Making Tax Digital for VAT has been with us for some time now. The next major step on HMRC's digital tax path will be Making Tax Digital for income tax, which is due to start in April 2023.
Property landlords with gross income in excess of £10,000 per annum, and most unincorporated businesses, will be required to comply. Those businesses who are operating MTD for VAT will already have MTD-compliant accounting software, but the extension of MTD to income tax will bring hundreds of thousands of landlords and smaller businesses into the regime for the first time.
There is a range of MTD-compliant accounting software packages on the market and we are able to advise clients on the most suitable option.
We expect that under MTD for income tax, taxpayers will be required to submit four quarterly "in-year" reports followed by a fifth return which will include appropriate end-of-year adjustments. A property business would make quarterly returns for periods ended 5 July, 5 October, 5 January and 5 April, with the fifth and final submission due by the following 31 January.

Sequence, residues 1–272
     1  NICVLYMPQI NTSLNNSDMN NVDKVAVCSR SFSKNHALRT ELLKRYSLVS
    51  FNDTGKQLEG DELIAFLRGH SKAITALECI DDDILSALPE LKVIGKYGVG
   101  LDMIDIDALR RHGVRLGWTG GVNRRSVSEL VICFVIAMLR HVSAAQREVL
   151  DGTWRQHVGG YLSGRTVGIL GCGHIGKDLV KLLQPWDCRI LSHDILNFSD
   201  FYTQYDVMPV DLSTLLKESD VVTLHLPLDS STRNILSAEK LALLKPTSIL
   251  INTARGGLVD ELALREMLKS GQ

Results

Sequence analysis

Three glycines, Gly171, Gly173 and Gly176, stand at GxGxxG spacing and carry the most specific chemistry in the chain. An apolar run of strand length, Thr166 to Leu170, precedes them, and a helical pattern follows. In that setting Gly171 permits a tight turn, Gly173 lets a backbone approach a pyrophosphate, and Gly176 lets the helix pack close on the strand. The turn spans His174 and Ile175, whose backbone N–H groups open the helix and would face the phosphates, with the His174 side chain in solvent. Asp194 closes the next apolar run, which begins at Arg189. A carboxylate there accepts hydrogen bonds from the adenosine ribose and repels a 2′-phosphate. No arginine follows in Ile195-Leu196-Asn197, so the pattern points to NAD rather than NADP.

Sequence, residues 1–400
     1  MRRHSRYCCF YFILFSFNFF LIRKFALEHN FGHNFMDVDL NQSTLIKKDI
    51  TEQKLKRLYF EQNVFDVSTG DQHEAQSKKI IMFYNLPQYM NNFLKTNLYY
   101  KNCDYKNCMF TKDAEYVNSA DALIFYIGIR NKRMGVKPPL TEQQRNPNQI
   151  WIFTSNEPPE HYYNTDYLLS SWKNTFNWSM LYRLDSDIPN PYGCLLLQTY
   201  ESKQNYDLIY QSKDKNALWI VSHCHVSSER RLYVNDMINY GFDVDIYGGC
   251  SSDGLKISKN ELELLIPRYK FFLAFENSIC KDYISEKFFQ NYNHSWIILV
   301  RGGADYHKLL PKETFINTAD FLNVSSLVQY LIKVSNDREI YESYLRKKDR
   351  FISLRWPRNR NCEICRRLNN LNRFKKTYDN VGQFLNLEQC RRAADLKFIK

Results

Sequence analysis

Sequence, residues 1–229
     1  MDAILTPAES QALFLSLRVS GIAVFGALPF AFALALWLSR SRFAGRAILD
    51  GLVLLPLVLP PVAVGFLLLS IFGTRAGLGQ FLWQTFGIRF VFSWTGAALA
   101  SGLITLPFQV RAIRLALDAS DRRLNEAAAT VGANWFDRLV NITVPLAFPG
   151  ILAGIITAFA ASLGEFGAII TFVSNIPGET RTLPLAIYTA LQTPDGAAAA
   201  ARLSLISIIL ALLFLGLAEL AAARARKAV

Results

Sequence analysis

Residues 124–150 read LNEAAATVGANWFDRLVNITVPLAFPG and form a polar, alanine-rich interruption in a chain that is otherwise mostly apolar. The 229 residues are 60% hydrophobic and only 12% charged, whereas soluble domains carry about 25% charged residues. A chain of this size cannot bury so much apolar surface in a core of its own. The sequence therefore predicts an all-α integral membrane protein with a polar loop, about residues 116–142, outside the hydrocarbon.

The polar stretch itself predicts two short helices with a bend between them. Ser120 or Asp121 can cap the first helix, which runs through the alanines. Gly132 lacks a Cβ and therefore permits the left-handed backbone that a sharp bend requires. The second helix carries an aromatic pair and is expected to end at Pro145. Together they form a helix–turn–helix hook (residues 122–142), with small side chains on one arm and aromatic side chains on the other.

Precise details of what will need to be reported to HMRC have still to be confirmed, but it is thought that the categories of income and expenditure are likely to be the same as reported under the existing Self Assessment regime. Accounting software will need to record income and expenditure into the following categories:
- Turnover (or gross rent)
- Cost of goods sold
- Wages/ salaries
- Sub-contractor costs
- Rent, rates, power, insurance
- Repairs and renewals
- Professional fees
- Telephone and other office costs
- Interest costs
- Motor and travel expenses
It is unclear at the moment how finance costs associated with residential lettings will be dealt with (these costs are no longer deductible but instead attract a basic rate tax deduction).
HMRC argues that MTD will improve the tax take by reducing the frequency and scale of taxpayer errors, but the introduction of MTD for income tax is in our view unwelcome, since it will place a significant additional burden on taxpayers with little or no obvious benefit to the individual. HMRC's claims that a significant increase in the frequency of reporting will somehow reduce the frequency of errors is plainly absurd.
Moreover, the government is simultaneously proposing to change the tax basis year rules with effect from 2023/24, with transitional rules in place for 2022/23, adding further complication and cost to small businesses who after the past eighteen months, frankly, need some help - rather than more red tape.
We can help you prepare for MTD for income tax by sourcing, installing and providing you with training in appropriate, MTD-compliant software. Get in touch today for assistance.